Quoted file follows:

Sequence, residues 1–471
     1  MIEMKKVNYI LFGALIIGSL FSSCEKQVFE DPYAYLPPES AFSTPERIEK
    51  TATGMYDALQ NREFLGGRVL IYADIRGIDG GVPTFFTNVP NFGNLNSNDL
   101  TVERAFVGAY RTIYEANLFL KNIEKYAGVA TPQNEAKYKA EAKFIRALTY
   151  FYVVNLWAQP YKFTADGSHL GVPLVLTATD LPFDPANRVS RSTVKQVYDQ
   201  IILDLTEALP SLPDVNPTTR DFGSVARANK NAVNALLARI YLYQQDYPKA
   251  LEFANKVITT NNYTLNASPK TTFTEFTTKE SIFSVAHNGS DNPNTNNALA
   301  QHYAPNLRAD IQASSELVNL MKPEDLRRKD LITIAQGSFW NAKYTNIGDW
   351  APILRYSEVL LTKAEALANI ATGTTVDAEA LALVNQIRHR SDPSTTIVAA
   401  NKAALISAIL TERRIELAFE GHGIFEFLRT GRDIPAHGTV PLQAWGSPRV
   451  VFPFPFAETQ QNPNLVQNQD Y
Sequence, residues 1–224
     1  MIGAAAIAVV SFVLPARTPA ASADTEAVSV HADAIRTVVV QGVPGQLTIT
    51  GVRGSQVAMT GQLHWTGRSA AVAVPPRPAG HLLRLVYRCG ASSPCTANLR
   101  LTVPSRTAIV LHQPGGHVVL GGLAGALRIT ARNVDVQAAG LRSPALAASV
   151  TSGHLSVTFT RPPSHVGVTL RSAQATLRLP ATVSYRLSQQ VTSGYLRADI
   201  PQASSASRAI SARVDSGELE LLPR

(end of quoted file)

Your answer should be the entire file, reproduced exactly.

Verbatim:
Sequence, residues 1–471
     1  MIEMKKVNYI LFGALIIGSL FSSCEKQVFE DPYAYLPPES AFSTPERIEK
    51  TATGMYDALQ NREFLGGRVL IYADIRGIDG GVPTFFTNVP NFGNLNSNDL
   101  TVERAFVGAY RTIYEANLFL KNIEKYAGVA TPQNEAKYKA EAKFIRALTY
   151  FYVVNLWAQP YKFTADGSHL GVPLVLTATD LPFDPANRVS RSTVKQVYDQ
   201  IILDLTEALP SLPDVNPTTR DFGSVARANK NAVNALLARI YLYQQDYPKA
   251  LEFANKVITT NNYTLNASPK TTFTEFTTKE SIFSVAHNGS DNPNTNNALA
   301  QHYAPNLRAD IQASSELVNL MKPEDLRRKD LITIAQGSFW NAKYTNIGDW
   351  APILRYSEVL LTKAEALANI ATGTTVDAEA LALVNQIRHR SDPSTTIVAA
   401  NKAALISAIL TERRIELAFE GHGIFEFLRT GRDIPAHGTV PLQAWGSPRV
   451  VFPFPFAETQ QNPNLVQNQD Y
Sequence, residues 1–224
     1  MIGAAAIAVV SFVLPARTPA ASADTEAVSV HADAIRTVVV QGVPGQLTIT
    51  GVRGSQVAMT GQLHWTGRSA AVAVPPRPAG HLLRLVYRCG ASSPCTANLR
   101  LTVPSRTAIV LHQPGGHVVL GGLAGALRIT ARNVDVQAAG LRSPALAASV
   151  TSGHLSVTFT RPPSHVGVTL RSAQATLRLP ATVSYRLSQQ VTSGYLRADI
   201  PQASSASRAI SARVDSGELE LLPR